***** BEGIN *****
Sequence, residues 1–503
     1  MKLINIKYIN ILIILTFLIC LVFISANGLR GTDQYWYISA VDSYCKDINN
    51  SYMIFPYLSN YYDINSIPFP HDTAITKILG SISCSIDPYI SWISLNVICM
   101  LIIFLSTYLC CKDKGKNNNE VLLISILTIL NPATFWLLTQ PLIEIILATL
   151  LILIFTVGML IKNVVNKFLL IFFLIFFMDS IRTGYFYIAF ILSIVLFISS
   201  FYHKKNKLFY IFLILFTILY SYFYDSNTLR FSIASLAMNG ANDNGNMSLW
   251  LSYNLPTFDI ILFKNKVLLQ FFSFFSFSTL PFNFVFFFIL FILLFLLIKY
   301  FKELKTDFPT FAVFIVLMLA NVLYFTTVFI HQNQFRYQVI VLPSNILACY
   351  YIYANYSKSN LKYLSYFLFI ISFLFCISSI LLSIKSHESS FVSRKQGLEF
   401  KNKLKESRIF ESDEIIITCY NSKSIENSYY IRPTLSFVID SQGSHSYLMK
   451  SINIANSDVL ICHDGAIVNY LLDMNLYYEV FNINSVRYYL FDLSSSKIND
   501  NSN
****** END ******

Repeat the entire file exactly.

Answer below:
Sequence, residues 1–503
     1  MKLINIKYIN ILIILTFLIC LVFISANGLR GTDQYWYISA VDSYCKDINN
    51  SYMIFPYLSN YYDINSIPFP HDTAITKILG SISCSIDPYI SWISLNVICM
   101  LIIFLSTYLC CKDKGKNNNE VLLISILTIL NPATFWLLTQ PLIEIILATL
   151  LILIFTVGML IKNVVNKFLL IFFLIFFMDS IRTGYFYIAF ILSIVLFISS
   201  FYHKKNKLFY IFLILFTILY SYFYDSNTLR FSIASLAMNG ANDNGNMSLW
   251  LSYNLPTFDI ILFKNKVLLQ FFSFFSFSTL PFNFVFFFIL FILLFLLIKY
   301  FKELKTDFPT FAVFIVLMLA NVLYFTTVFI HQNQFRYQVI VLPSNILACY
   351  YIYANYSKSN LKYLSYFLFI ISFLFCISSI LLSIKSHESS FVSRKQGLEF
   401  KNKLKESRIF ESDEIIITCY NSKSIENSYY IRPTLSFVID SQGSHSYLMK
   451  SINIANSDVL ICHDGAIVNY LLDMNLYYEV FNINSVRYYL FDLSSSKIND
   501  NSN